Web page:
Multifamily lending volume saw a sharp drop in volume in the third quarter, with a new report from Newmark tracking a 13.5 percent year-over-year decline in new originations for acquisitions, refinancings and construction in the sector.
Newmark, a New York-based advisory company, tracked total third quarter multifamily lending volume of $228.8 billion from the first to the third quarters of 2022. By comparison, there were $264.7 billion of new originations during the same period in 2021.
The reasons behind the drop are easy to understand: a combination of lower transaction volume, higher interest rates and the steepest inflation in 40 years have had a significant impact on the investment sales and lending market, said John Beacham, chief executive officer and founder of Summit, New Jersey-based manager Toorak Capital Partners.
Toorak, via a network of lender partners in the US and the UK, has a unique business model that mirrors the way in which Fannie Mae and Freddie Mac work with lenders to bolster single-family and multifamily housing. “We partner with lenders across the country who originate loans which we acquire according to our credit standards, and, like Fannie Mae or Freddie Mac, we sit one step behind the lender and buy these loans on a flow basis,” Beacham added.
The firm, which was launched in 2016, recently reached the $10 billion milestone in whole loans funded since inception. Toorak has now funded more than 26,000 small-balance business-purpose loans backed by residential, multifamily, and mixed-use properties across the US and the UK, enabling the construction, renovation, or purchase of over 50,000 rental and owner-occupied units.
The housing paradox
Despite the slowdown in the investment sales and lending markets, rising interest rates are bolstering the fundamentals of the multifamily market by leading more potential homeowners to continue renting.
Multifamily lenders and investors are anticipating even higher demand for apartment properties as the average rate for a 30-year, fixed-rate mortgage on a single-family home averaging 6.7 percent in the third quarter, Newmark reported. This is a 122.6 percent increase in year-over-year costs, a level which has helped mortgage applications to drop by 65.3% year-over-year as of the end of September.
This phenomenon will further accelerate demand for multifamily units, exacerbating the well-documented supply problem, noted Al Otero, a REIT portfolio manager at New York-based manager Armada ETF Advisors.
A potential homeowner who, a year ago, could have gotten mortgage for about 3 percent is less likely to sign up for a mortgage with a rate of 7 percent. “Additionally, their purchasing power is lower than it was a year ago,” Otero said.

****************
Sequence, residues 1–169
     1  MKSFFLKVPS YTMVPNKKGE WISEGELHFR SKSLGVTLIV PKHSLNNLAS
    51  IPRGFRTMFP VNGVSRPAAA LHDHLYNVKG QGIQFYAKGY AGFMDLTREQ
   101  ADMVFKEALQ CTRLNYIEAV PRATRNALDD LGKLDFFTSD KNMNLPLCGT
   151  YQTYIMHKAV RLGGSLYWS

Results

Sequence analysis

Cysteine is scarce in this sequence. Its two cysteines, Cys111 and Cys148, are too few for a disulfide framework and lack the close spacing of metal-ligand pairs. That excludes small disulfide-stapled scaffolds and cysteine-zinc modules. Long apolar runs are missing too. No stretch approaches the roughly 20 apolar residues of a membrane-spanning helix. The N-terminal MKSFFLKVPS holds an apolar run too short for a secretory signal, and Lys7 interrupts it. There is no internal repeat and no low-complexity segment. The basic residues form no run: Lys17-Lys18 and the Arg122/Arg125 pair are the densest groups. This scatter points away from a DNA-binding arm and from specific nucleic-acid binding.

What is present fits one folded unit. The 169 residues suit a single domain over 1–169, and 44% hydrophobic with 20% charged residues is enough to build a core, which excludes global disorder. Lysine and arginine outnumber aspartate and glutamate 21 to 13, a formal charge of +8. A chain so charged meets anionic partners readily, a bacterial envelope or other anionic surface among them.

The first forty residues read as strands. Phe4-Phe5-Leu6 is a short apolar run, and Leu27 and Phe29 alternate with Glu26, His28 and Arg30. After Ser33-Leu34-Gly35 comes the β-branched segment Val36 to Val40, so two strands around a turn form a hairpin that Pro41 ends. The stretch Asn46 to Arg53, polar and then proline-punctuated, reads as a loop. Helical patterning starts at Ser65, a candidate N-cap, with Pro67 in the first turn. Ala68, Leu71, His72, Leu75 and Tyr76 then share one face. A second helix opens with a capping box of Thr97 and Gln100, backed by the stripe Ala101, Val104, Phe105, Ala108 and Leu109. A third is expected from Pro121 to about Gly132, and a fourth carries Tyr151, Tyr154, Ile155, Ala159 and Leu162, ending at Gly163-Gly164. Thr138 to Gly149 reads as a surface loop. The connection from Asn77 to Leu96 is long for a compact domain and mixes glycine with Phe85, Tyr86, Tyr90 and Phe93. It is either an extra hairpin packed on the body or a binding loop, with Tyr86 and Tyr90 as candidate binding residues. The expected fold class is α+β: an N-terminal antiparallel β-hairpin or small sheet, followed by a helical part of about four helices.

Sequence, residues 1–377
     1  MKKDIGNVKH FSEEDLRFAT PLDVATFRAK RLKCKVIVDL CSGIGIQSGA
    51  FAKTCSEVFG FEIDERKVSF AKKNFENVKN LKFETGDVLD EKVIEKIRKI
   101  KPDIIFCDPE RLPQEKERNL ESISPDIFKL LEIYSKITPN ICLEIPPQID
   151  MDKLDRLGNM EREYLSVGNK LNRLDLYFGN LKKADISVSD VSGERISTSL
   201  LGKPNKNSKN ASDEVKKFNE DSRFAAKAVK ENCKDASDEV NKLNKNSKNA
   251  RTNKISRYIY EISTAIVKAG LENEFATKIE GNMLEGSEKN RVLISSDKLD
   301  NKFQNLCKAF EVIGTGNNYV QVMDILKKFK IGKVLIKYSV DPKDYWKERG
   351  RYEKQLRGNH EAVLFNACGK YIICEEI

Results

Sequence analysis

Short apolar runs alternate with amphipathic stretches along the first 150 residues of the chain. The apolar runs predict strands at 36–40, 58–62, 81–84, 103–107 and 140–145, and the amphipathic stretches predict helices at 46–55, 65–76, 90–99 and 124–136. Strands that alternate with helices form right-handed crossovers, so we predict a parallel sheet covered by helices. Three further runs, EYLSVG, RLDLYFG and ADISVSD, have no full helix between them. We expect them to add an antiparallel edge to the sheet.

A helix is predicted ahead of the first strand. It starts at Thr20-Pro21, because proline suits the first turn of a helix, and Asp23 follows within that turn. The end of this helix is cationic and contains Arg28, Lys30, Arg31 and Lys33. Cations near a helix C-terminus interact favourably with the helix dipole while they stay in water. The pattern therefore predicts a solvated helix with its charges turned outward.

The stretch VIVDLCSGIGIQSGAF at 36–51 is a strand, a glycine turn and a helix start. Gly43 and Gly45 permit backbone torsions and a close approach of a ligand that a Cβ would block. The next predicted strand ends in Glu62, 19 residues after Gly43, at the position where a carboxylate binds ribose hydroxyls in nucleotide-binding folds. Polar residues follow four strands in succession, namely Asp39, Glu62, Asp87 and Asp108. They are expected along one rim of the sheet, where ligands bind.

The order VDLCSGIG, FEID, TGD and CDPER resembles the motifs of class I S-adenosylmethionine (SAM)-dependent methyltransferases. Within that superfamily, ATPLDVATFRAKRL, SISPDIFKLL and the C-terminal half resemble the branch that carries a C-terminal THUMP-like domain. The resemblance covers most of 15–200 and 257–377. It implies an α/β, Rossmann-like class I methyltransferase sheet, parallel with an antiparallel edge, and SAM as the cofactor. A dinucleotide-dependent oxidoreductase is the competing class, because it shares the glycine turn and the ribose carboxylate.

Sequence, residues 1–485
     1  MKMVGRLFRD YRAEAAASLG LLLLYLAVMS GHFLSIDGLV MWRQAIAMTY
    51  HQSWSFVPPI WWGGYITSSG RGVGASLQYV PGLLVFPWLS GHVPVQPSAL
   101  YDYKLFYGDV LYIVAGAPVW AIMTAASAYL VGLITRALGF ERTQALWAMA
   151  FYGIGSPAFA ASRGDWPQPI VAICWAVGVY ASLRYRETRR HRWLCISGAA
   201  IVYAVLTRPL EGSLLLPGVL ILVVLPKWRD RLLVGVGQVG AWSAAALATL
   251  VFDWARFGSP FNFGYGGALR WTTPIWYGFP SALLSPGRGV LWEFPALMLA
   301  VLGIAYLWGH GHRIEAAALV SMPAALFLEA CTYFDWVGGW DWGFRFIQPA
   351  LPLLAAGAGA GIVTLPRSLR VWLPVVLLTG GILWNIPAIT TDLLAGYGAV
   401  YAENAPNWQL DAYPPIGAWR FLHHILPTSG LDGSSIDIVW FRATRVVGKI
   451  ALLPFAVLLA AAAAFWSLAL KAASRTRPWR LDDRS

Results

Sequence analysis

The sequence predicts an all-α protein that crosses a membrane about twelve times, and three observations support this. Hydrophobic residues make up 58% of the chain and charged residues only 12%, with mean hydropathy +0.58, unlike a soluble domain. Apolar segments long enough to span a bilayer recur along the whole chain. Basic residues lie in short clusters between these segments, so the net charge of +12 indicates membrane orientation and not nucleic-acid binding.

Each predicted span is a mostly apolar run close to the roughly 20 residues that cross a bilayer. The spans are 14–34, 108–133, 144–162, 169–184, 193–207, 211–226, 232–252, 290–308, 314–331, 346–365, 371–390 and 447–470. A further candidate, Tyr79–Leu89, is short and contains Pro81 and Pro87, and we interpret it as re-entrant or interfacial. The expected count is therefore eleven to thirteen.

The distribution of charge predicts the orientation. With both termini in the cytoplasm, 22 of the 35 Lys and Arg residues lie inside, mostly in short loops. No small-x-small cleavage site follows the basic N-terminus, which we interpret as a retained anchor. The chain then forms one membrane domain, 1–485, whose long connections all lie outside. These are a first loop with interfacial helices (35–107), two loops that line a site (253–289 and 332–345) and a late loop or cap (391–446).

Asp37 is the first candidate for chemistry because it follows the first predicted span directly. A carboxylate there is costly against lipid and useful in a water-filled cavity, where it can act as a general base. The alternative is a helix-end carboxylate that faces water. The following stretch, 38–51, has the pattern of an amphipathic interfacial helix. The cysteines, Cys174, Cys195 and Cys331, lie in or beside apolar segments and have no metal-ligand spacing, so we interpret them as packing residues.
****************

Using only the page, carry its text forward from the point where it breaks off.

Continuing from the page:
But despite this demand for multifamily units, Otero said he believes rental rates will moderate going forward after a year of exceptional growth.
“We saw some major job cuts from big tech in September and October and that, combined with the impact of inflation, means that consumers are not feeling as flush with cash as they have in the past,” Otero said. “We saw things really hit a wall in September after landlords had been pushing rents and working to upgrade the financial profile of renters. These landlords may now be finding that they kept a foot on the accelerator for too long.”
The fundamentals of the sector on a national basis are at near-historic lows of 3.1 percent on a trailing 12-month basis, with quarter-over-quarter vacancies rising 90 basis points. The biggest impact has been seen in the Class A and Class B segments of the market, Newmark found.
“Things have taken a pause, which is not surprising. This business doesn’t operate in a vacuum. We knew things would slow and, given that trajectory we were on earlier in the year, we will start to get to a more normalized environment in 2023. I don’t think it is a sky-is-falling kind of things,” Otero added.
Multifamily market participants who spoke to Real Estate Capital USA concurred there is unlikely to be a fourth quarter surge in lending or investment sales activity, with Otero noting what comes next will depend on the Federal Reserve’s next steps to combat inflation. After a series of 75-basis point rate hikes, there is a sense that the Federal Reserve might start thinking about a pivot.
In the interim, lenders such as Toorak are still active in the market. But they are taking a more cautious approach, especially as there is some softening in the single-family and multifamily markets, Beacham said.
“Key questions are how much will rates go up, how long will they remain high, and what will happen to housing prices,” Beacham said. “We are seeing certain markets soften much more rapidly than others and our view is there will probably be some kind of decline nationally across the housing market. It is important to be conservative when lending in a market where housing prices will soften.”
For Toorak, that means the manager is reducing its credit appetite and LTVs while still funding new loans.
“A lot of people are starting to change their expectations for December. Maybe the next rate hike will only be 50 basis points and maybe, in the New Year, the next hike will be 25 basis points. If that were to happen, it would be a different ballgame,” Otero said.